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Standalone code but how to combine into a query...?


#1

Morning all,

I've written (adapted from c#) some SQL to do spherical trigonometry, working out distance from 2 grid references. The example below calculates Hyde Park To Regent's Park in London, as the crow flies 1.76 miles.

Declare @Lat1 As Real = -0.167919
Declare @Long1 As Real = 51.5072682
Declare @Lat2 As Real = -0.1591581
Declare @Long2 As Real = 51.5312705

Declare @dLat1InRad As Real = @Lat1 * (Pi() / 180.0)
Declare @dLong1InRad As Real = @Long1 * (Pi() / 180.0)
Declare @dLat2InRad As Real = @Lat2 * (Pi() / 180.0)
Declare @dLong2InRad As Real = @Long2 * (Pi() / 180.0)

Declare @dLongitude As Real = @dLong2InRad - @dLong1InRad
Declare @dLatitude As Real = @dLat2InRad - @dLat1InRad

Declare @a As Real = Power(Sin(@dLatitude / 2.0), 2.0) + Cos(@dLat1InRad) * Cos(@dLat2InRad) * Power(Sin(@dLongitude / 2.0), 2.0)
Declare @c As Real = 2.0 * Asin(Sqrt(@a))

Declare @kEarthRadiusMiles As Real = 3956.0
Declare @dDistance As Real = Round(@kEarthRadiusMiles * @c, 2)

SELECT @dDistance

Executing by its self it works fine, but I'm really struggeling to work out how to integrate it with a query example, how would I calculate Hyde Park to an employees location??

Declare @Lat1 As Real = -0.167919
Declare @Long1 As Real = 51.5072682
Declare @Lat2 As Real = 0
Declare @Long2 As Real = 0

SELECT Name, Address1, Address2, Postcode, Geolocation.Longitude, Geolocation.Latitude
FROM Employees
FULL OUTER JOIN Geolocation
ON Geolocation.Postcode = REPLACE (Postcode, RIGHT(Postcode, 3), '')
WHERE EmpID = 1001

Many thanks

Dave


#2

SQL Server has geometry and geography types, which you may want to investigate. They can calculate distance on a spherical surface, or geographical distances. See here.

If you want to use your own calculations, you can put the calculations into a function and use the function.

-- FUNCTION
CREATE FUNCTION dbo.fnSphericalDistance
(
	@Lat1  FLOAT,
	@Long1 FLOAT,
	@Lat2  FLOAT,
	@Long2 FLOAT
)
RETURNS FLOAT
AS
BEGIN
	DECLARE @distance FLOAT;
	-- Your code to calculate distance here
	RETURN @distance;

END

-- using the function
SELECT dbo.fnSphericalDistanceCalculator
	(g.StartLatiude, g.StartLongitude,
	 g.EndLatitude, g.EndLongitude),
	 YourOtherColumns
FROM
	Employees AS e
	LEFT JOIN GeoLocation AS g ON
		g.PostCode = .....

#3

If you are looking for "all places near X" then in the past what we have done is:

Using some basic Pythagoras to calculate top-left and bottom-right co-ords for a box/rectangle that is guaranteed to include all the points (i.e. also including some points outside a "N-miles-from-X" circle, but at least big enough to include the whole circle, including spherical geometry - if that is important to you).

Base the initial query on Lat/Lon BETWEEN that pair of co-ords. If you put an index on Lat and Long columns this part of the query is very fast.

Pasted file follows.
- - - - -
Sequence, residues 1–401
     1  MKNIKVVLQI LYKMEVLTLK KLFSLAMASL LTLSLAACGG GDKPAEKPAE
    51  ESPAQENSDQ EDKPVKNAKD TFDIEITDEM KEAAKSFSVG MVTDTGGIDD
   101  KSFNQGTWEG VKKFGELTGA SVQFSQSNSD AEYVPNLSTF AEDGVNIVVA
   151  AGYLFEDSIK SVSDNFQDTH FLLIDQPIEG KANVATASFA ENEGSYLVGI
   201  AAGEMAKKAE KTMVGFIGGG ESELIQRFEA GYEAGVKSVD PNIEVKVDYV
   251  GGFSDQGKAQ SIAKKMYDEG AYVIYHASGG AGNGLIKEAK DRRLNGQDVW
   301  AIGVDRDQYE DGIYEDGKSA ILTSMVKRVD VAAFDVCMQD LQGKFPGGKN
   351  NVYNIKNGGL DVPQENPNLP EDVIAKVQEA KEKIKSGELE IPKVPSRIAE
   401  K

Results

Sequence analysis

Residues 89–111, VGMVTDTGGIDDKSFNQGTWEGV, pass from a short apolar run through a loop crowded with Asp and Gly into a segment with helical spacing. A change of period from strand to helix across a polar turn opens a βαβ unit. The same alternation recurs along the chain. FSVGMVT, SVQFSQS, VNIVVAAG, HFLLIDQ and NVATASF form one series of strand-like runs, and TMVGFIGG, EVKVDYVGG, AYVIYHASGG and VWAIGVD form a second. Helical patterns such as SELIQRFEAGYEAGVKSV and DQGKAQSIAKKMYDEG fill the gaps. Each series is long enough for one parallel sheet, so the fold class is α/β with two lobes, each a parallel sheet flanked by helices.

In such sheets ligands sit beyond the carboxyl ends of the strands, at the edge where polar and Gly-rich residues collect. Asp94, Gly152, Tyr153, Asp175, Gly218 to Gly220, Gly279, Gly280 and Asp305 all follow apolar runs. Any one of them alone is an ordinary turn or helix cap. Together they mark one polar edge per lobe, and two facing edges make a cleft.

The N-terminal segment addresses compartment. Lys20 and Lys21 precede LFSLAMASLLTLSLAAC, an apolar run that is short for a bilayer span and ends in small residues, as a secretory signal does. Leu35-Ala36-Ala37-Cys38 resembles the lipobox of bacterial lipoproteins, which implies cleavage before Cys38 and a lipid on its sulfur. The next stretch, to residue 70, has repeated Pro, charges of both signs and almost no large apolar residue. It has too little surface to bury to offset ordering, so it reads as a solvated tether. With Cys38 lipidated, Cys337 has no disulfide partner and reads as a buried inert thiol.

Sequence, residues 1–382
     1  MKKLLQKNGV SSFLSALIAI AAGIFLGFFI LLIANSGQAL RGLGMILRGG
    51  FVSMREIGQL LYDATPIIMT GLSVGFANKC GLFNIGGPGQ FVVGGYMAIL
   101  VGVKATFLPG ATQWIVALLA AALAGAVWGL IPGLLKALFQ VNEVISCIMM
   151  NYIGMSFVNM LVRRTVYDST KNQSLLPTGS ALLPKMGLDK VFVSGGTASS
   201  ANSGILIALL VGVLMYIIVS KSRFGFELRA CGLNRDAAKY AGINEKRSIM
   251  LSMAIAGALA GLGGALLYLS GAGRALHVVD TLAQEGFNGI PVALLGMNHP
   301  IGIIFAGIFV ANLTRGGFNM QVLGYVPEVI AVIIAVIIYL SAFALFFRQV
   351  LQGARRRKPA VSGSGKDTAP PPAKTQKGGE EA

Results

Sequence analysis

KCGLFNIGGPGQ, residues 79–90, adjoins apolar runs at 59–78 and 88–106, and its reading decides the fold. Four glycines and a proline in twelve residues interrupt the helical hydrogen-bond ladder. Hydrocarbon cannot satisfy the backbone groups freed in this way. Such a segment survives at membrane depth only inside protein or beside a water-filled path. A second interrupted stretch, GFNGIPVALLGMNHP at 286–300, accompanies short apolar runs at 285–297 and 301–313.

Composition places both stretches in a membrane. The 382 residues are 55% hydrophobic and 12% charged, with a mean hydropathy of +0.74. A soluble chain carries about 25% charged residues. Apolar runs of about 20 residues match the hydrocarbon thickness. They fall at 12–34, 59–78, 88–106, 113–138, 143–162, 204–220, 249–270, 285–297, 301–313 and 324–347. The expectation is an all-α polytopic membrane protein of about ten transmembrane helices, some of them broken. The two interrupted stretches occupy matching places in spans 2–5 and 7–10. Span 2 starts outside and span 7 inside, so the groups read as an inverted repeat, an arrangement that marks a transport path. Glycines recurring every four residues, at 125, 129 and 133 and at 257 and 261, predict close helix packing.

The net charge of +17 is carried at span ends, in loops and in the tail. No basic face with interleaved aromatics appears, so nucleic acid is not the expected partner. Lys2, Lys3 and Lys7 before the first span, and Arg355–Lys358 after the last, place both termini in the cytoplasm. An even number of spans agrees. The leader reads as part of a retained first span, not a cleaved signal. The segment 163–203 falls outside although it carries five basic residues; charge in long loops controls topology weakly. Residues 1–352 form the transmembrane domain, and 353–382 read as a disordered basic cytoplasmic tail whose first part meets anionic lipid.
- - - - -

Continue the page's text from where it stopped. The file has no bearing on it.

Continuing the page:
THEN employ more complex calculation on the resulting dataset to find out if it is within the circle (or using more CPU intensive Haversine algorithm etc)

I don't know if this is still necessary when using newer spatial datatypes in recent versions of SQL


#4

I agree with the suggestion of dropping the code into a user defined function. I would, however, suggest that you create it as an inline table valued function (iTVF) rather than a scalar function.

Something like the following...

CREATE FUNCTION dbo.DistanceInMiles
(
    @Lat1 As Real,
    @Long1 As Real,
    @Lat2 As Real,
    @Long2 As Real
)
RETURNS TABLE WITH SCHEMABINDING AS 
RETURN
    SELECT 
        Distance = ROUND(3956.0 * c.c, 2)
    FROM 
        ( VALUES (@Lat1, @Long1, @Lat2, @Long2) ) opv (Lat1, Long1, Lat2, Long2)
        CROSS APPLY ( VALUES (
                                opv.Lat1 * (PI() / 180.0),
                                opv.Long1 * (PI() / 180.0),
                                opv.Lat2 * (Pi() / 180.0),
                                opv.Long2 * (Pi() / 180.0)
                            ) ) rad (dLat1InRad, dLong1InRad, dLat2InRad, dLong2InRad)
        CROSS APPLY ( VALUES (
                                rad.dLong2InRad - rad.dLong1InRad,
                                rad.dLat2InRad - rad.dLat1InRad
                            ) ) d (dLongitude , dLatitude)
        CROSS APPLY ( VALUES (Power(Sin(d.dLatitude / 2.0), 2.0) + Cos(rad.dLat1InRad) * Cos(rad.dLat2InRad) * Power(Sin(d.dLongitude / 2.0), 2.0)) ) a (a)
        CROSS APPLY ( VALUES (2.0 * Asin(Sqrt(a.a))) ) c (c);
GO

#5

HI Jason,

Thanks for your reply, can I ask why you wou8ld use an inline table valued function over a scalar function?

Thanks

Dave


#6

Dunno if it is Jason's reason, but I try to avoid Scalar functions as they tend to have terrible performance (compared to TVF)


#7

This is the subject of many full length articles and a full explanation is beyond the scope of a single forum post.
Long story short, inline table valued functions (iTVF) perform much better than scalar & multi-statement (mTVF) functions.

Being that you have code for both a scalar & iTVF, you can test for yourself, create both functions, run them against your data, and compare the execution times.

One thing to keep in mind... Looking at the execution plans will be somewhat deceptive in that the iTVF version will look more expensive. This is because it isn't able to generate an accurate cost of non-inline functions.

Here are a couple of articles that should be worth reading...
Scalar functions, inlining, and performance: An entertaining title for a boring post
Inline Scalar Functions


#8

Sort of... My reasoning is absolutely performance based but the above statement is flawed in that it doesn't differentiate between inline table valued functions (iTVF) and multi-statement table valued functions (mTVF)...
Both scalar AND mTVFs have terrible performance when compared to iTFVs.